Now that we’ve used the intended image scale in our filename, we can safely adjust that scale based on our device’s actual pixel ratio. If we don’t do this, the dimensions of our image files will be larger than intended on higher-resolution displays.

scale = scale / window.devicePixelRatio;

We’re almost ready to start generating images. But because we don’t want to trigger dozens of “save file” dialog windows, we’re going to bundle them together using JSZip.

// Create a ZIP file we'll add images to
const zip = new JSZip();

Here comes the tricky part! For every frame of animation we need to generate, we’re going to do the following:

  1. Pause the animation at the correct point in time.
  2. Grab the image data of that paused animation using saveSvgAsPng.
  3. Add that data as a new PNG file to the zip variable we created.

To make matters slightly more complicated, saveSvgAsPng uses Promises. Normally this would be a good thing, allowing us to export multiple frames of animation at the same time. But unless we duplicate our SVG element and timeline as well, we need each frame of animation to finish exporting before the next begins. This requires a bit of trickery to pull off.

// Set up a resolved promise for our loop
let step = Promise.resolve();

// For every frame we need to generate…
for (let i = 0; i <= frames; i++) {
  let position = duration / frames * i;
  let filename = `${filePrefix}${i}${fileScale}${fileExtension}`;
  // Begin this step when the previous finishes
  step = step.then(() => {
    timeline.pause(position);
    return svgAsPngUri(document.getElementById("amoeba"), { scale }).then(
      uri => {
        // Convert data URI to plain base64
        let imgDataIndex = uri.indexOf("base64,") + "base64,".length;
        let imgData = uri.substr(imgDataIndex);
        zip.file(filename, imgData, { base64: true });
      }
    );
  });
}

Phew! Now that we’ve captured all the image data, we can finalize our bundled file and give it a filename using FileSaver.js.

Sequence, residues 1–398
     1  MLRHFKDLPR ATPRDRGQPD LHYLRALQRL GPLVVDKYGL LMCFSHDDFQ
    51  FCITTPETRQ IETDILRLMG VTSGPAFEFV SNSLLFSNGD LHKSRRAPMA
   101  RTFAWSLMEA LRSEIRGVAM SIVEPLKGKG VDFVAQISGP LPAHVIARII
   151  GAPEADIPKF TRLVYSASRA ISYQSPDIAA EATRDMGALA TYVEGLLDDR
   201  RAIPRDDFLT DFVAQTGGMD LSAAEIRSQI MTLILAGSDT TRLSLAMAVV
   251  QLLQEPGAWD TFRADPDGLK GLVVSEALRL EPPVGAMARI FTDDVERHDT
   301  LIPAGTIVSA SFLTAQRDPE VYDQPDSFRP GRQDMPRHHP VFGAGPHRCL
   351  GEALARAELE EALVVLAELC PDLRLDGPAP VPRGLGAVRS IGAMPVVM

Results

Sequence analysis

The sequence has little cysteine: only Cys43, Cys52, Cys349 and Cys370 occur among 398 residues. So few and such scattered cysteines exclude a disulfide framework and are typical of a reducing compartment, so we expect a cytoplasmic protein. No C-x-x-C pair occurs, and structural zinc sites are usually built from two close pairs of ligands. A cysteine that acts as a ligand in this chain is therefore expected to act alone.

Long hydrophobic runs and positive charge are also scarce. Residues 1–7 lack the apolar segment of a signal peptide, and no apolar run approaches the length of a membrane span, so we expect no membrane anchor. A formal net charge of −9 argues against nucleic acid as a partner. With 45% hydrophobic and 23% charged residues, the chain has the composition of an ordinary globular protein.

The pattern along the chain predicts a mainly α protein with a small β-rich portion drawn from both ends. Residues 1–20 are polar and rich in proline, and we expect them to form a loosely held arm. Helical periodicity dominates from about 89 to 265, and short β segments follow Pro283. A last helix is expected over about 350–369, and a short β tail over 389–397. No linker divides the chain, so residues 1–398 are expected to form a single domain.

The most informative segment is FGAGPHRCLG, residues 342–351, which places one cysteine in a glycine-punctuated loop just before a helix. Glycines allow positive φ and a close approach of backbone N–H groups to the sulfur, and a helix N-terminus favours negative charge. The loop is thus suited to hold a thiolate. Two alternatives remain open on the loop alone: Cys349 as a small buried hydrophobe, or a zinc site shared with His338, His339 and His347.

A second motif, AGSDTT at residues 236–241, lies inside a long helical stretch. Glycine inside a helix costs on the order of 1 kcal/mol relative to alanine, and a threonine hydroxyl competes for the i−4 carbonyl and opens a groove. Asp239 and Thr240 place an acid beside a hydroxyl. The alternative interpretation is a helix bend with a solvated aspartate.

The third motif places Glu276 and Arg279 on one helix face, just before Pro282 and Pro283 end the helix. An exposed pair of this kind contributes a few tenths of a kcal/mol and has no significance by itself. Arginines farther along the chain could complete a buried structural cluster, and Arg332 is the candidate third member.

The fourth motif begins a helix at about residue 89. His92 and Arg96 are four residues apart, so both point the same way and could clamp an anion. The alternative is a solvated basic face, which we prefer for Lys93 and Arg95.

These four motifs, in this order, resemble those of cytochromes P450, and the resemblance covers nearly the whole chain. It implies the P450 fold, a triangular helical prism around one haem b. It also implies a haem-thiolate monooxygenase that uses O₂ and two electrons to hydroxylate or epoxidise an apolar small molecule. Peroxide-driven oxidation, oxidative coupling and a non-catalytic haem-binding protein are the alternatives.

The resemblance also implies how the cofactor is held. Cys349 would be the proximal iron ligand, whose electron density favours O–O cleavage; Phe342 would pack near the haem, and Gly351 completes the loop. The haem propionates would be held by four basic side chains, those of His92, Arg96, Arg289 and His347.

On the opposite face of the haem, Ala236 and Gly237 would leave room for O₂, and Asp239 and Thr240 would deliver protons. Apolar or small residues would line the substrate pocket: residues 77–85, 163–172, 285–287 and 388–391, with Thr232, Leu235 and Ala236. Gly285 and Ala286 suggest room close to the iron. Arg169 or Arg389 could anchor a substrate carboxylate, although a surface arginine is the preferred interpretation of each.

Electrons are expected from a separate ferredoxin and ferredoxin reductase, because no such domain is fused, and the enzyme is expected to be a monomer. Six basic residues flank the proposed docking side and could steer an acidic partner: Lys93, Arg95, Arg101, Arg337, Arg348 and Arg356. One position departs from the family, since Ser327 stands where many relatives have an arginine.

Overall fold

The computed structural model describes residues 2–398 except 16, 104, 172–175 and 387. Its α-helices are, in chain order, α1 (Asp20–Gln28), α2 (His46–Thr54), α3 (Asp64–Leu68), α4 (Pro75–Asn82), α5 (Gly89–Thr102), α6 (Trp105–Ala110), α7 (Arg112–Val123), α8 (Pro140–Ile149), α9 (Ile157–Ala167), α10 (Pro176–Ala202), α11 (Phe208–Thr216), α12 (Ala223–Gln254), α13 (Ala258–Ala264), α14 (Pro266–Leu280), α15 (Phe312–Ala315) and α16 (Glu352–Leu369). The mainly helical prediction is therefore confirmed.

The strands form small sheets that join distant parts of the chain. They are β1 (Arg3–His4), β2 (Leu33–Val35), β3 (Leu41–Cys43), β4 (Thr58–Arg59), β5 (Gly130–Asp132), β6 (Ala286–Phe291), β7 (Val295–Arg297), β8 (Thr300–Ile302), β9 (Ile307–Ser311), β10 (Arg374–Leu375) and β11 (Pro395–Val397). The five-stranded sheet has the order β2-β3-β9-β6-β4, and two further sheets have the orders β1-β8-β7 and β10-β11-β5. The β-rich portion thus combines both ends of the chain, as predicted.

step.then(() => {
  zip.generateAsync({ type: "blob" }).then(blob => {
    saveAs(blob, `${filePrefix}frames.zip`);
  });
  // Resume animation
  timeline.play();
});

With our handy generate function in hand, all that’s left is to wire it up to our export form!

document.getElementById("controls").addEventListener("submit", event => {
  // Convert the input values to numbers
  const fps = parseFloat(document.getElementById("fps").value, 10);
  const scale = parseFloat(document.getElementById("scale").value, 10);
  // Prevent the form from taking us anywhere
  event.preventDefault();
  // Pass these values to our PNG/ZIP generator
  generate(fps, scale);
});

We did it! Less than 100 lines of JavaScript later, we now have a means of exporting our SVG and GSAP animations to a format any sprite-based framework can understand!

Scratching the Surface

Although I originally solved this problem for an iOS game, it opened a Pandora’s box of ideas!

If we can export PNGs, why not GIFs? Could I use something like gif.js or gifshot to make a “shareable” version of a dynamic animation?

And why limit ourselves to animation? Maybe our brand style guides could include custom asset generators, like this Cloud Four fallback avatar generator I whipped up…

It’s ironic that working on a native application would renew my love for the web, but that’s exactly what discoveries like this tend to do. The web is special, and it never fails to spark my imagination!

Tyler Sticka

Tyler Sticka is Cloud Four's VP of Design, allowing him to think about design systems every day. When he isn’t directing his team, sketching on sticky notes or nitpicking CSS, he enjoys reading comics, making video games and listening to weird music. He tweets as @tylersticka.